The best bicep exercises for toning your arms according to a fitness trainer

Woman flexing her bicep

by Becky Fuller |
Published on

All you'll need is a pair of dumbbells to follow these exercises recommended by a fitness instructor

Getting older is a privilege that we love to embrace here at Yours, but it also undeniably brings about changes to our bodies that we perhaps don’t love quite as much. Muscle mass decreases with age and, coupled with our skin losing elasticity, this can give the appearance of saggy arms, or bingo wings as they’re commonly known.

However, there are ways to combat this. Strength training is of fundamenal importance, not just to make us look good but to combat many health conditions such as osteoarthritis and osteoporosis. It can help keep our muscle mass, keep us mobile and flexible, and even helps us live longer.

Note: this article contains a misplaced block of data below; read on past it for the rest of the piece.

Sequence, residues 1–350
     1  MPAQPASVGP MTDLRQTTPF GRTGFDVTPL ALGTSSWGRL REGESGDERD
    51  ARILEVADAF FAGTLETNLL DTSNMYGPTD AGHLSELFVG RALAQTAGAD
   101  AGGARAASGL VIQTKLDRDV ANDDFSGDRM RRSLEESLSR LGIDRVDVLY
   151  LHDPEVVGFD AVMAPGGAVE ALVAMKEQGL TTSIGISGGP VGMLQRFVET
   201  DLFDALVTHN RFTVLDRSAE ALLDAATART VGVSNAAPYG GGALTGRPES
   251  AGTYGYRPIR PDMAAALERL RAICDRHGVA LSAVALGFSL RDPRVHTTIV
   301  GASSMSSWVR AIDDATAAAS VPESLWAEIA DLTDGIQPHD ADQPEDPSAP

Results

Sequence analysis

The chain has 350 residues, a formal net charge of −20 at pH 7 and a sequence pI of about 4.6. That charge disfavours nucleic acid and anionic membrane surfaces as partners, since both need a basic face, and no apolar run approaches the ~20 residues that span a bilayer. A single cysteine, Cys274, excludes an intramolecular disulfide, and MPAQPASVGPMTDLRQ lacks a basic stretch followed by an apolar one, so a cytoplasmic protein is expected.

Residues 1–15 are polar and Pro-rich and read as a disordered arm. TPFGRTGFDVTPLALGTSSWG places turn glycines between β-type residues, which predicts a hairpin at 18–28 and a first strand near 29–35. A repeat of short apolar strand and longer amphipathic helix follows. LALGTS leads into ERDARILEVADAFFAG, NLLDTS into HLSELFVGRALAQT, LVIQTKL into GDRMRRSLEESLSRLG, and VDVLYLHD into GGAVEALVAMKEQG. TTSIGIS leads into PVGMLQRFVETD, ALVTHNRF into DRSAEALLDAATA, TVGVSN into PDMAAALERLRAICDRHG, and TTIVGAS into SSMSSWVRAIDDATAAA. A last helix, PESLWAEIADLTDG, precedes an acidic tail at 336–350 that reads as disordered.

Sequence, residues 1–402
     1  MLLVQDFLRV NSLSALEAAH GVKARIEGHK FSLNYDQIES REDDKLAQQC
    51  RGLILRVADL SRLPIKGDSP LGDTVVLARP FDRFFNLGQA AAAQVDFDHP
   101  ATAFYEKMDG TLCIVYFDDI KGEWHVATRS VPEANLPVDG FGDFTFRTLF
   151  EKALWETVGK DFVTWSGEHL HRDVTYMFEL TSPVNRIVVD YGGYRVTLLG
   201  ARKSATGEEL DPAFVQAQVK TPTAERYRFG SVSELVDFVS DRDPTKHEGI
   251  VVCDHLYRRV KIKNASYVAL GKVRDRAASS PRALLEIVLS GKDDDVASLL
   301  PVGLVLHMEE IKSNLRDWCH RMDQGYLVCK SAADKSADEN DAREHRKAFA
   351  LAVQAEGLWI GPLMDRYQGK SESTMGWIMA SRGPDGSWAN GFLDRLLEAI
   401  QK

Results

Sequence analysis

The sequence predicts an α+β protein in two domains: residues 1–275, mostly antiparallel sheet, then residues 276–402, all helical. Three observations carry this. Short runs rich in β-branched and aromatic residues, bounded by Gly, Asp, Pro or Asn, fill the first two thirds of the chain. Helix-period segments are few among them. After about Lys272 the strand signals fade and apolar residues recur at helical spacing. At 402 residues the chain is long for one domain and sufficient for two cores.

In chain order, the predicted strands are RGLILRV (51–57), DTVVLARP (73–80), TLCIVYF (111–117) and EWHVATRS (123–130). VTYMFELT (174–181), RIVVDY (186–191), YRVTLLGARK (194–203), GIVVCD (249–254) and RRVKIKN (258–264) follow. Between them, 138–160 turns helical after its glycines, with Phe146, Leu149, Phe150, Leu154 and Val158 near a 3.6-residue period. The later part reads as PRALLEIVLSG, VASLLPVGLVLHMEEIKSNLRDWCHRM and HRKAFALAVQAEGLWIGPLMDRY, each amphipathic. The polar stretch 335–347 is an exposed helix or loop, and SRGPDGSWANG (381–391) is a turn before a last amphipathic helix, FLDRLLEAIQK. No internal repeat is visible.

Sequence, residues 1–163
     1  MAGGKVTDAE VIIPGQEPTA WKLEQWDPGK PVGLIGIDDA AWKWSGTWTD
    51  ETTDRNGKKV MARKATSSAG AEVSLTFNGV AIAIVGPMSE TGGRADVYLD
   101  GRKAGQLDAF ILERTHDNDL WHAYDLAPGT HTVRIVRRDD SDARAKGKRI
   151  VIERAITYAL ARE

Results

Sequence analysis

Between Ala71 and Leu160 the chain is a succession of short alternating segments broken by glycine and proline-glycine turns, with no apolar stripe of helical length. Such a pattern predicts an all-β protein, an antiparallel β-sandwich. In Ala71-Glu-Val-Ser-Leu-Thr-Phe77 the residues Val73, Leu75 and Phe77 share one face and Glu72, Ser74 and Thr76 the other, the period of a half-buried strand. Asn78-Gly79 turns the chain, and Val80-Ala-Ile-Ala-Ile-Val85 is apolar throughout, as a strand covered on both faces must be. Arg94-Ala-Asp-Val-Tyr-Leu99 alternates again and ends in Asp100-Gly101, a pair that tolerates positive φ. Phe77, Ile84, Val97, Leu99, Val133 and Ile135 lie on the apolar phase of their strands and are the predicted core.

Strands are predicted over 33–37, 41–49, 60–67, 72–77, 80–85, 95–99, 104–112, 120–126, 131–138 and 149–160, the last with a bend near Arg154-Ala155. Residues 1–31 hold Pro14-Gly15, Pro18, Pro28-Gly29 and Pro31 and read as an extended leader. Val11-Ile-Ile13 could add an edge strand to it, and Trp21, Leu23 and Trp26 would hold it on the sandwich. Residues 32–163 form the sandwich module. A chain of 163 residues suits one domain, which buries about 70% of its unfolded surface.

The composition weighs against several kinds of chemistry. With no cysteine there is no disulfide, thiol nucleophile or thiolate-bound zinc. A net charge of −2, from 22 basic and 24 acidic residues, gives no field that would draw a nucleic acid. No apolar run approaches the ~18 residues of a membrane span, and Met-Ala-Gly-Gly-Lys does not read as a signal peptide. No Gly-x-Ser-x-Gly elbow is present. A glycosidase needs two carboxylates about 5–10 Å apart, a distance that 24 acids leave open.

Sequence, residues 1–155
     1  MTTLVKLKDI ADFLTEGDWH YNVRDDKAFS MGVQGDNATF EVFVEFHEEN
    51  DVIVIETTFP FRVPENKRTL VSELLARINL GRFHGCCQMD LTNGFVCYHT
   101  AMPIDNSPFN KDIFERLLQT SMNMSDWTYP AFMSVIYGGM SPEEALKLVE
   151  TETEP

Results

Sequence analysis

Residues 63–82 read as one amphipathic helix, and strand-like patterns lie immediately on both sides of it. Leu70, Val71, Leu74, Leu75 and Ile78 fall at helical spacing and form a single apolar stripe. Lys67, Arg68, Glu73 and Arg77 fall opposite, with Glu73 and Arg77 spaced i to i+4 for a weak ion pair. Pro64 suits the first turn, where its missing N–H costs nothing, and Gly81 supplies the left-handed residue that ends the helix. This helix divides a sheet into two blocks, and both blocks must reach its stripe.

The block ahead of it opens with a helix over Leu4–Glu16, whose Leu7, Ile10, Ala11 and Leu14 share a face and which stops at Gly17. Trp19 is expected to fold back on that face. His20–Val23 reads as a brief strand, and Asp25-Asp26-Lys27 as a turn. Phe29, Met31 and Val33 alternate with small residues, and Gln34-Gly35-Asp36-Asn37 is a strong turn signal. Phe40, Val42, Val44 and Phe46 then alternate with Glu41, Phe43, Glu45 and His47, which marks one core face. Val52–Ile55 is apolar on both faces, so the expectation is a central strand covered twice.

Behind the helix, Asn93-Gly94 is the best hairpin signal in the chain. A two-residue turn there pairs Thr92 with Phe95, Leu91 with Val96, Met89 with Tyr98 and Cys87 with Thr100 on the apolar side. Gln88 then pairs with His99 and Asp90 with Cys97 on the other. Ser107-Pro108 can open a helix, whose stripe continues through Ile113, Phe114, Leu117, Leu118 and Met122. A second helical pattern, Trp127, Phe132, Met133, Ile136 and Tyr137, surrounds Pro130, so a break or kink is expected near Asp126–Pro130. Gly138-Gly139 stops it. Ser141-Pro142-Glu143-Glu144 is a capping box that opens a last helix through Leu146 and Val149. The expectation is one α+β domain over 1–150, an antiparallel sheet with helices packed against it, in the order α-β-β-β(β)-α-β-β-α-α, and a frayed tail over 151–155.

I specialise in strength training for women, and it’s amazing to see the changes that can be made to our physiques as well as our happiness and confidence with just a few simple exercises. I’ve already put together a guide on how to get rid of bingo wings, as well as some easy at-home exercises to follow or weight training at home, I’m going to show you the best bicep exercises you can do.

What is the function of the biceps?

Your biceps are found at the top of your arms, and they’re the muscles you can feel if you flex your arm (like Popeye). They work in conjunction with your triceps, found on the underside of your arms. When one contracts the other lengthens so between them, they enable you to push, pull, grip and twist.